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The E-Sylum:  Volume 9, Number 18, April 30, 2006, Article 15

THE GREAT SILVER MELT OF 1980

Last week I asked about numismatic gems that turned up in
the buckets of coin and bullion dealers in the silver frenzy of
1980. Dave Lange writes: "I saw quite a few uncirculated pieces
of modest scarcity get processed through counting machines as
just so much bullion, but I never found anything truly rare at
my local coin shop. The best piece retrieved was an 1877-CC half
dollar in choice XF condition (probably AU by today's standards).
I bought this for its melt value which, unfortunately, was not
much less than its numismatic value at the time.

I've always contended that very few of the silver coins cashed
in for their bullion value in 1979-80 were actually melted at
refineries. When one does the math, it simply doesn't make sense
to go to the added expense of having the coins rendered into bars.
They were worth as much in the marketplace in coin form as they
were in bar form, since the extraordinary demand for silver was
not from industrial need but rather from pure speculation. Such
speculators would not have added to their overhead without a clear
financial incentive to do so, and this simply didn't exist.

I believe that these accounts of millions of silver coins being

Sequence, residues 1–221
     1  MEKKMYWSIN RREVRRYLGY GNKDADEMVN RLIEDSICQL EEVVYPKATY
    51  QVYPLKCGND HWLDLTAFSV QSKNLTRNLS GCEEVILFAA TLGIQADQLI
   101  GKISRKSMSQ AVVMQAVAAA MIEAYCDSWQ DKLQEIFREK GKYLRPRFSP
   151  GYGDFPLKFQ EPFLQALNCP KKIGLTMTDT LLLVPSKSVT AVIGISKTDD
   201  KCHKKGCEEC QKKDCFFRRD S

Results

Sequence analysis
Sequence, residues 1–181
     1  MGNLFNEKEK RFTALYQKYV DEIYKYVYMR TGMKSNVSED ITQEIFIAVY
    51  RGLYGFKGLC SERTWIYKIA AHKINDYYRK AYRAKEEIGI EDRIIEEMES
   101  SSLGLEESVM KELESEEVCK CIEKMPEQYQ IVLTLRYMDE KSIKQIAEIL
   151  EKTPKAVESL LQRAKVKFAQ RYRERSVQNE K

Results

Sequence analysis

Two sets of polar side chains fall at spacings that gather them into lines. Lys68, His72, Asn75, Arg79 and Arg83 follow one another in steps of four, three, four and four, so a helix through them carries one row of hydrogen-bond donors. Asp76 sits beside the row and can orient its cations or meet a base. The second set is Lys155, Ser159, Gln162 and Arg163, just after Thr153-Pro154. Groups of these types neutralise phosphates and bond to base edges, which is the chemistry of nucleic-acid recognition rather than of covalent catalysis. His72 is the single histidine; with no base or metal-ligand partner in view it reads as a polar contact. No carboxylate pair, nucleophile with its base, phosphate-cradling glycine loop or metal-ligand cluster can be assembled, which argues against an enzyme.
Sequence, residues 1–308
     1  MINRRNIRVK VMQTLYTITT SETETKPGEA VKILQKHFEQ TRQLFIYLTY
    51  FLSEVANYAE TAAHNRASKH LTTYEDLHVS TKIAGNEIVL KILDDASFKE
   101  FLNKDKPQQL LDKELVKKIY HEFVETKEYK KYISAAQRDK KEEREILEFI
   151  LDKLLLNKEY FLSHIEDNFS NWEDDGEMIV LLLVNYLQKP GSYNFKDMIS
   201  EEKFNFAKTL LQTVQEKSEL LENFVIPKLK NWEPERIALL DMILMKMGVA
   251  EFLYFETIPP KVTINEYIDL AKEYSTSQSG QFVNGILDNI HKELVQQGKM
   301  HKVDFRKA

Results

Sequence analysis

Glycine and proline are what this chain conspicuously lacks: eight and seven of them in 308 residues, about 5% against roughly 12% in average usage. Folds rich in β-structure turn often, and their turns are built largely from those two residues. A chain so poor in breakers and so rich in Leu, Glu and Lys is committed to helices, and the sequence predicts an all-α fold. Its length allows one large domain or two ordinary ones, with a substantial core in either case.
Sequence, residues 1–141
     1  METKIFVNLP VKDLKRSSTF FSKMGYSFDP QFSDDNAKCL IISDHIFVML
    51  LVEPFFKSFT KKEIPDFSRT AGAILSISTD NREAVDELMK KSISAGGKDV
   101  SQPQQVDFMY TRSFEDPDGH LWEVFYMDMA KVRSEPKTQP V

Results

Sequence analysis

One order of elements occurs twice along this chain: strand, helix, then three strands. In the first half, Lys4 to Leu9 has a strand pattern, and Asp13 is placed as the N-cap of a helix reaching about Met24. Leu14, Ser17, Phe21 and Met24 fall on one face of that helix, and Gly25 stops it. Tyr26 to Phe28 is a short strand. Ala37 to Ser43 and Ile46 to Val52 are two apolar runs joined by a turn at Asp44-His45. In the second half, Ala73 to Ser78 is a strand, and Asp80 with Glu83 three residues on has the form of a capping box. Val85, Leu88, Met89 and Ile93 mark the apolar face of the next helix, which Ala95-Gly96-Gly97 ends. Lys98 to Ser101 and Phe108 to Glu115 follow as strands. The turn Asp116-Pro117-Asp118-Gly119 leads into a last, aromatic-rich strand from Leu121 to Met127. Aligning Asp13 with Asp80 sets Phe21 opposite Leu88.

melted is just a myth perpetuated by those trying to create a sense
of rarity that simply doesn't exist. It seems to be one of those
stories that, told often enough, becomes numismatic fact. It's
revealing that all of these reports are not from end users, but
rather from coin dealers. I'd like to read an account from someone
who actually worked at a refinery and witnessed the coins being
melted before I would accept it as fact."

[Dealers shipped the silver out as fast as they got their hands
on it, for two main reasons:  One, they needed to get the cash so
they could buy more the next day, and Two, because they were afraid
of the price dropping before they could turn a profit.  So who was
left holding the bag(s) when the bubble burst?  Investors who took
delivery of silver bags?  Smelters who sat on the bags?  Middlemen?
Have most of those bags been returned to the marketplace, or are
there still piles of silver coins sitting around in vaults?  Several
years ago investor Warren Buffett bought over 100 million ounces of
silver, and I understand he took delivery of the metal.  Was it in
bar form, or did the purchase include bags of coins? -Editor]

  Wayne Homren, Editor

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